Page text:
Oakland Raiders fullback Marcel Reece has a theory about the NFL’s new rule pertaining to illegal contact by an offensive player with the crown of the helmet.
Pay the league or pay the price with your coaches.
Any use of the top or crown of the helmet to intentionally initiate contact outside of the tackle box will now draw a 15-yard penalty. Like with defenders who illegally use their helmets when hitting offensive players, a fine is also possible following review by the league office.
NFL teams approved the rule, which is aimed to improve player safety, by a 31-1 margin last March. The Cincinnati Bengals were the lone dissenting franchise.
Members of the NFL competition committee that proposes rule changes to the league have said running backs can learn to lower their shoulder rather than drop their heads when trying to steamroll a defender. Reece, though, believes that’s easier said than done.
“I’m going to tell you this much: A solider is going to be a soldier,” Reece told me and co-host Gil Brandt on SiriusXM NFL Radio at Raiders training camp. “In war, you’re going to fight. Whatever happens happens. If it ends up being a fine, it ends up being a fine.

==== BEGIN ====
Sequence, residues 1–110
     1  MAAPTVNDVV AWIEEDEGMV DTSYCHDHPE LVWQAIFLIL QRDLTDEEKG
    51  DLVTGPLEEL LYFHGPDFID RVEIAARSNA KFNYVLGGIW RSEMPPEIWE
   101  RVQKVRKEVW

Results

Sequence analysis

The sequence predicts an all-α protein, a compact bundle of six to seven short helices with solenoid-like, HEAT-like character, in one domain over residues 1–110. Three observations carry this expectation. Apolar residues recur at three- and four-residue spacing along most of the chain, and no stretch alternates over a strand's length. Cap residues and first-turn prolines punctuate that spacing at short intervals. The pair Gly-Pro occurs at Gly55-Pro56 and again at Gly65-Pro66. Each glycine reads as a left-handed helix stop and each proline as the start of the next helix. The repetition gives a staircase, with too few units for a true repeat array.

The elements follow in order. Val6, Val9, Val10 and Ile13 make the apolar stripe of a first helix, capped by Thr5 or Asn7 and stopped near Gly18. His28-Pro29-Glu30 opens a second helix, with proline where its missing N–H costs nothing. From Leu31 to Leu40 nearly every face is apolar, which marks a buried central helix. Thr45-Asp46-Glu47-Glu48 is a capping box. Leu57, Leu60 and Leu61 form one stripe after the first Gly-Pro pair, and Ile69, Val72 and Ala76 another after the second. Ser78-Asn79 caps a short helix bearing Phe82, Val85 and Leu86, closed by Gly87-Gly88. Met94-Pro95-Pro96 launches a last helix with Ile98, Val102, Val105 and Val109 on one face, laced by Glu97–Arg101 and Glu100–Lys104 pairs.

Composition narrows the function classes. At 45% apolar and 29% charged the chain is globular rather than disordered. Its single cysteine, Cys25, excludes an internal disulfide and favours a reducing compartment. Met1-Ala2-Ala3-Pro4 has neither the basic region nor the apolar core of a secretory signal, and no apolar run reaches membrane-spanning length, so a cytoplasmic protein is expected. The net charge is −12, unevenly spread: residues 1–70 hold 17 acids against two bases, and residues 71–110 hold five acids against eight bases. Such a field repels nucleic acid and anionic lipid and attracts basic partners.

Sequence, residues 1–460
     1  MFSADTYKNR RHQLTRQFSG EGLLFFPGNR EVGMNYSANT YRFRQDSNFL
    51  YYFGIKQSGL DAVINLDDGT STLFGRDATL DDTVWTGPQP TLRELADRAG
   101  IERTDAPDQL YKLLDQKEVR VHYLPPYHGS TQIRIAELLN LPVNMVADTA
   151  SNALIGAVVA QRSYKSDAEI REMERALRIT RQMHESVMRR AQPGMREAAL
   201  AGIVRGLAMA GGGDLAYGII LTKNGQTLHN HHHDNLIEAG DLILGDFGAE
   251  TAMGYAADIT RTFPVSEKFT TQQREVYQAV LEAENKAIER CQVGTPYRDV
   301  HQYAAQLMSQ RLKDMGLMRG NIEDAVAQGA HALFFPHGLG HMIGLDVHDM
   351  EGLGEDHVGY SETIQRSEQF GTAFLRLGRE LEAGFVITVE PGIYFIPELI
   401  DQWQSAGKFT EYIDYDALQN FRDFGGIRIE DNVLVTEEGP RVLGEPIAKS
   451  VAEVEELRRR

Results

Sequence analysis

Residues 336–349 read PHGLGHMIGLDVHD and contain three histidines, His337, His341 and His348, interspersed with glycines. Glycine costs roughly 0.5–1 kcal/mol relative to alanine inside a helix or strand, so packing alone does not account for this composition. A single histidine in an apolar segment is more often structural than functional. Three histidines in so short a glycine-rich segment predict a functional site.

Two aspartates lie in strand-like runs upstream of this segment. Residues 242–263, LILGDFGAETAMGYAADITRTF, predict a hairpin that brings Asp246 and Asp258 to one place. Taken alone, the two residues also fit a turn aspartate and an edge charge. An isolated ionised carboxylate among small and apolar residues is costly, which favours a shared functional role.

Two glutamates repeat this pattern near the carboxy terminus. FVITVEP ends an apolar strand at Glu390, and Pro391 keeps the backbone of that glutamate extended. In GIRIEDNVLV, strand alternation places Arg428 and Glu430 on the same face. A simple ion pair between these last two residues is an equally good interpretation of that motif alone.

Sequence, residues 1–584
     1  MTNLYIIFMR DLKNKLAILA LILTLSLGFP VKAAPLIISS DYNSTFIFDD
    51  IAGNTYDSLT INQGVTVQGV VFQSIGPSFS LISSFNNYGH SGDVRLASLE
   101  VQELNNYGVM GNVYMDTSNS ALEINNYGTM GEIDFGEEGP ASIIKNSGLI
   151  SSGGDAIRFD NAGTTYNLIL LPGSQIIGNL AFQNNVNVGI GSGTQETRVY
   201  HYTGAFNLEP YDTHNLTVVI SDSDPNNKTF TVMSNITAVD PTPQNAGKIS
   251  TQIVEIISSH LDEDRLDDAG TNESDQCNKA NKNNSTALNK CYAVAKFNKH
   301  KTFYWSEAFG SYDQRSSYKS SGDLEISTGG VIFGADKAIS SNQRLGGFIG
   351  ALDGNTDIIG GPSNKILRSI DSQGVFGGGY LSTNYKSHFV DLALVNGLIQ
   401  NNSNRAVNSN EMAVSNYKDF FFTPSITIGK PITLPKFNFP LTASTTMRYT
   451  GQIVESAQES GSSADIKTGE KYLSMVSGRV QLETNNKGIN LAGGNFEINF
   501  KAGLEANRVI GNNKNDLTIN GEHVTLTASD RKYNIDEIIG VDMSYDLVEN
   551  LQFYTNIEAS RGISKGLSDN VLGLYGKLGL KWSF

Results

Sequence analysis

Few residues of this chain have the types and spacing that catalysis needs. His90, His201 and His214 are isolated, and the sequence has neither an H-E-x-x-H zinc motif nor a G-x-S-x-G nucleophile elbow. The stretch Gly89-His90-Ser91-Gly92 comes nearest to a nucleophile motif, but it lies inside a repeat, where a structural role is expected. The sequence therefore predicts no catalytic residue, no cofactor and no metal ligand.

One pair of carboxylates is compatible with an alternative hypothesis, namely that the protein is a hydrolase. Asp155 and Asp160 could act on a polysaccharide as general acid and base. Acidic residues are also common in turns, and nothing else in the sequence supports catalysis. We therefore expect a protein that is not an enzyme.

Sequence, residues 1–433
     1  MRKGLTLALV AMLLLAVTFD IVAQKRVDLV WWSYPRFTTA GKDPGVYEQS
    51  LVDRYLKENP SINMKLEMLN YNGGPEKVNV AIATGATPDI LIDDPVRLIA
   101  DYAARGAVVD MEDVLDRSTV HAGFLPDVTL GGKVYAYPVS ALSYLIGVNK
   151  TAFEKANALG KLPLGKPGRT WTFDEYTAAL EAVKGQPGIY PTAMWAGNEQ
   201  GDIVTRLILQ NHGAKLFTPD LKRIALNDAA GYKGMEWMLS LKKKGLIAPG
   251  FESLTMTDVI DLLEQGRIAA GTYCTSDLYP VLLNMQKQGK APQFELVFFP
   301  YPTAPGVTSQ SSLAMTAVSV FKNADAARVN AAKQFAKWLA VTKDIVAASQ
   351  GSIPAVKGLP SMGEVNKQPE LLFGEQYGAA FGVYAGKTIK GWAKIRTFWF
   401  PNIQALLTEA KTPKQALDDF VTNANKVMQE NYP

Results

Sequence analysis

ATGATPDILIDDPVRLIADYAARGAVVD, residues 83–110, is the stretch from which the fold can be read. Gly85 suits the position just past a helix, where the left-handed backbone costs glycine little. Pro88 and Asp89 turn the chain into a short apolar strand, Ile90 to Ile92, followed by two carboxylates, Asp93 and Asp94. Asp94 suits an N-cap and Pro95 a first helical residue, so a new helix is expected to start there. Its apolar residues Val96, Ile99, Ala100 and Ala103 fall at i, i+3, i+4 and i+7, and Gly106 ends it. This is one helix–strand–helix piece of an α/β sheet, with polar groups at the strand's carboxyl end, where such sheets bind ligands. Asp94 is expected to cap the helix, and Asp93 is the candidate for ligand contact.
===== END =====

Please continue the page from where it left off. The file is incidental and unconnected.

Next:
“We’ve got to play football at the highest level. We play fast; we play hard. I tell you one thing — if the NFL doesn’t fine us and we don’t lower our heads or our shoulders, I bet you our coaches will fine us. . . . If we do something wrong, we’re going to pay for the consequences.”
The running back for whom Reece paves the way in Oakland’s offense had a more politically correct response.
“As a running back, you don’t want to hit with the top of your head,” Darren McFadden said Monday. “You’ve got to go out there and run behind your pads. I don’t think it’s going to be a problem for me at all.”
At the start of training camp, Detroit head coach Jim Schwartz told Lions media that there would be a “big push” by his team to avoid helmet-to-helmet contact in practices.
“The rule about not putting your head down, I think that’s something that some players are going to have to change a little bit about the way they’ve done things,” Schwartz said. “It’s going to be a little different, so there’s going to be some learning process. The sooner they can start that, I think it benefits everybody.”
Especially when it comes to potentially saving offensive players some cash.